If the clamp G, H, were fixed by tenons, (one of which i, j, is shown detached in fig. 22,) the contraction of the part of the board between the tenons might cause it to split, the distance between the mortises in G, H, being unalterable: or the swelling of the board might cause it to bulge, and become rounding; or the entire frame would twist and warp, as the expansion of the center might be more powerful than the resistance to change in the two clamps, and force them to bend.
It is therefore obvious that if any question exist as to the entire and complete dryness of the wood, the use of clamps is hazardous; although in their absence, the shrinking might tear away the wood from the plain glue joint, even if it extended entirely across, without causing any further mischief, but more generally the shrinking would split the solid board.
Another mode of clamping is represented at K; it is there placed edgeways, and attached by an undercut or dove-tailed groove, slightly taper in its length, and is fixed by a little glue at the larger end, which holds the two in firm contact: each of these modes, and some others, are frequently employed for the large drawing boards required by architects and engineers for the drawings, made with squares and instruments.
From a similar motive, the thin bottom of a drawer is grooved into the two sides and front, and only fixed to the back of the drawer by a few small screws or brads, so that it may swell or shrink without splitting, which might result were it confined all around its margin. It is more usual, however, to glue thin slips along the sides of large drawers, as in fig. 23, which strengthen the sides, and being grooved to receive the bottom, allow it to shrink without interfering either with the front or back of the draw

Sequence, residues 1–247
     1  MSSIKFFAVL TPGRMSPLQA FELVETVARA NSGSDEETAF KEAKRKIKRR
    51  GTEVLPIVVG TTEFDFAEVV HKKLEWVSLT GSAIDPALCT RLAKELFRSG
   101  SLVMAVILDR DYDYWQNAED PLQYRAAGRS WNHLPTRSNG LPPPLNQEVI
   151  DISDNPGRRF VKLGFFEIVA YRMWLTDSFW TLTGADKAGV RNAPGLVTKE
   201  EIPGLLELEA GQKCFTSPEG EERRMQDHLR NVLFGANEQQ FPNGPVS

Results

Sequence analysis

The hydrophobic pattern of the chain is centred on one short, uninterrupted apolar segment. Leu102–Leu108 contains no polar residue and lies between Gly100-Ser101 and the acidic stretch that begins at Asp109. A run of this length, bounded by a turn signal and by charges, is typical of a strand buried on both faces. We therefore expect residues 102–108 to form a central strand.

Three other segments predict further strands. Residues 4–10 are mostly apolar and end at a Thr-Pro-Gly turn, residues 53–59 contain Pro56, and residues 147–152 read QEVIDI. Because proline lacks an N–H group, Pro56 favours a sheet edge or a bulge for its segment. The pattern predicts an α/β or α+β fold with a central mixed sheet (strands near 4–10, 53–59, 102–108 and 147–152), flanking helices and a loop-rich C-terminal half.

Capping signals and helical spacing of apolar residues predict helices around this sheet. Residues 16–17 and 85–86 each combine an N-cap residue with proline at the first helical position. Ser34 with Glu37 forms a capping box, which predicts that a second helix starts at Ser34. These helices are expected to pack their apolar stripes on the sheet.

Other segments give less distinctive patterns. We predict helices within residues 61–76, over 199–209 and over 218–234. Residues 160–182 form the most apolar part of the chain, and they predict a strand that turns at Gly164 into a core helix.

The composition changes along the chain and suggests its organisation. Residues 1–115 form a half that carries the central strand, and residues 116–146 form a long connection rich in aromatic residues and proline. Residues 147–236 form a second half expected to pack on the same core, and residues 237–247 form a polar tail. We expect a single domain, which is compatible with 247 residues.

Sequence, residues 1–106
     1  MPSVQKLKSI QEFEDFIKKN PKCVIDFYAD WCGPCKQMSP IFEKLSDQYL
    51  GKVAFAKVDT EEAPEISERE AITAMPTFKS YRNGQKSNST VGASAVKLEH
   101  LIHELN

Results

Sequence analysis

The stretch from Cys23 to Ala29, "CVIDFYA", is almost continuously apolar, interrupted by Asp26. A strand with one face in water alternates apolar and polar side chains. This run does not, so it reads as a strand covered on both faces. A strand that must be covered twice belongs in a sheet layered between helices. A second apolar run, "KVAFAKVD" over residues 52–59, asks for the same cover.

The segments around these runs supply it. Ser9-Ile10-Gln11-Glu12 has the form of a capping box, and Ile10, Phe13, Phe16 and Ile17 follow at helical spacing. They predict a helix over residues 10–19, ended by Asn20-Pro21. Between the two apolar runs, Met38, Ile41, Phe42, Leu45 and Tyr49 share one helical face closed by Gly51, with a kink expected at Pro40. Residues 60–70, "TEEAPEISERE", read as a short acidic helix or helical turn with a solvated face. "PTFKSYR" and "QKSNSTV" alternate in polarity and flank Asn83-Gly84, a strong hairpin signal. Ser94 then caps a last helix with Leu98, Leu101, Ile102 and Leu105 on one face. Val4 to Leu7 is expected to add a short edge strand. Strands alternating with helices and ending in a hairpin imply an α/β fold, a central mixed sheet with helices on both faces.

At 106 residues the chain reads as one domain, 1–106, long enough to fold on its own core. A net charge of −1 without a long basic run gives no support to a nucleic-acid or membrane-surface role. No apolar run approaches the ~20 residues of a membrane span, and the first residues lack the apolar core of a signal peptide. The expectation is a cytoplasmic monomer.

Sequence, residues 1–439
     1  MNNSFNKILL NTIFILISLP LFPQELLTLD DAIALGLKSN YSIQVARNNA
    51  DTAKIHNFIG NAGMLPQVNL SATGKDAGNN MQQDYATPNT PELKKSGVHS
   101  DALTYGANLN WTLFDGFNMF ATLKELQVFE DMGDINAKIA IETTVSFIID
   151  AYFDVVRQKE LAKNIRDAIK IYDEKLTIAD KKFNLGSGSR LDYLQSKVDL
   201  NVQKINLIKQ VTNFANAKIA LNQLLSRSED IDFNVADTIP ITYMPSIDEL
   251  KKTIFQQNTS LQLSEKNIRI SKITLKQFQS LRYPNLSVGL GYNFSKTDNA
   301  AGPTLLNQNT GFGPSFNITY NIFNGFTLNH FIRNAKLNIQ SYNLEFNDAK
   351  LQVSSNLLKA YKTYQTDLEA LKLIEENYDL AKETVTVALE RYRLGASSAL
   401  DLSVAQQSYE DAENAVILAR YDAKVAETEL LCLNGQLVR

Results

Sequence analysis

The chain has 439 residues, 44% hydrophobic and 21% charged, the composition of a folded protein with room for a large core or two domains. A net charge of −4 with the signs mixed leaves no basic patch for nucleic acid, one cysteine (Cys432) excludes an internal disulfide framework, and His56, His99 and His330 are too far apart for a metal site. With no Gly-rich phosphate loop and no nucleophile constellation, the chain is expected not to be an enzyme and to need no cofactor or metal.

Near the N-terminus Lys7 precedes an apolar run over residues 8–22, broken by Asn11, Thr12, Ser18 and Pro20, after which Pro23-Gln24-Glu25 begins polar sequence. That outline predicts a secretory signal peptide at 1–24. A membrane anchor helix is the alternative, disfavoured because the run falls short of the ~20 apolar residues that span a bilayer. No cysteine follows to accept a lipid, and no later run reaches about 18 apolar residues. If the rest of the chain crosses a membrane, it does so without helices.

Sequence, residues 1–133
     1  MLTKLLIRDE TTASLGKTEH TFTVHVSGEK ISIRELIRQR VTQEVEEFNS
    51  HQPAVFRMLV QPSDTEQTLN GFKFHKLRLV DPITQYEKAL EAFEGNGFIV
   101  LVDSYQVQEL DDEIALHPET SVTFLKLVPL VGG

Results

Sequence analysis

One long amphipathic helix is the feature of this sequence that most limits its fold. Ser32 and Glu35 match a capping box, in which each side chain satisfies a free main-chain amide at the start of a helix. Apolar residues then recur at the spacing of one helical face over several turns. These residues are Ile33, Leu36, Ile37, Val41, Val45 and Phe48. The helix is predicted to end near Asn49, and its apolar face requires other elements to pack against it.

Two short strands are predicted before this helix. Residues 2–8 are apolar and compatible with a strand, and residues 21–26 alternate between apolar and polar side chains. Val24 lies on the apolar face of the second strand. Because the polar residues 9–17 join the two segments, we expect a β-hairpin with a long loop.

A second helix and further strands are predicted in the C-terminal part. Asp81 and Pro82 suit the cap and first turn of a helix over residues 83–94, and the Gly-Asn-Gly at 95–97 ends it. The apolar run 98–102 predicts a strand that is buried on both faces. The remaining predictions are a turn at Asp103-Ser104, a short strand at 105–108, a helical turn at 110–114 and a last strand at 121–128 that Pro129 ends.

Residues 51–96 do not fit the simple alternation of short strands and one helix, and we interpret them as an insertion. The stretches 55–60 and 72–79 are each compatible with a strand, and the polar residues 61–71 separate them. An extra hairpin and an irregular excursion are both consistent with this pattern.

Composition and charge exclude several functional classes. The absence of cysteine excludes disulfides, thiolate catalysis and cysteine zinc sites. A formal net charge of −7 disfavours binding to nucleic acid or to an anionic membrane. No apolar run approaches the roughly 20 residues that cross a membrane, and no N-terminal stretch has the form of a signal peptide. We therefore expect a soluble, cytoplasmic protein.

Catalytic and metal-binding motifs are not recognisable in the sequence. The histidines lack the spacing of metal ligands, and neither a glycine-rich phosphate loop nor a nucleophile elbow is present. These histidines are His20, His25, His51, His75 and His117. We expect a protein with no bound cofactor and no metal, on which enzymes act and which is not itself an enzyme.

In an ordinary door with two or more panels, all the marginal pieces ran lengthways of the grain: the two sides, called the stiles, extend the whole height, and receive the transverse pieces or rails, now mortised through the stiles, and wedged tight, but without risk of splitting, on account of their small width; every panel is fitted into a groove within four edges of the frame. The width of the panel should be a trifle less than the extreme width of the grooves, and even the mouldings, when they are not worked in the solid, are fixed to the frame alone, and not to the panel, that they may not interfere with its alterations; therefore in every direction we have the frame-work in its strongest and most permanent position as to grain, and the panel is unrestrained from alteration in width if so disposed.
This system of combination is carried to a great extent in the tops of mahogany billiard tables, which consist of numerous panels about 8 inches square, the frames of which are 3 1/2 in. wide and 1 1/2 in. thick; the panels are ploughed and tongued, so as to he level on the upper side, and from their small size the individual construction of the separate pieces is insignificant, and consequently the general figure of the table is comparatively certain. Of late years, I am told *, that slate, a material uninfluenced by the atmosphere, has been almost exclusively used; the top of a full sized table, of 12 by 6 feet, consists of four slabs one inch thick, ground on their lower, and planed by machinery on their upper surfaces: the iron tables are almost abandoned for several reasons. Large thin slates, from their permanence of form, are sometimes used by engineers and others for drawing upon, and also in carpentry for the panels of superior doors.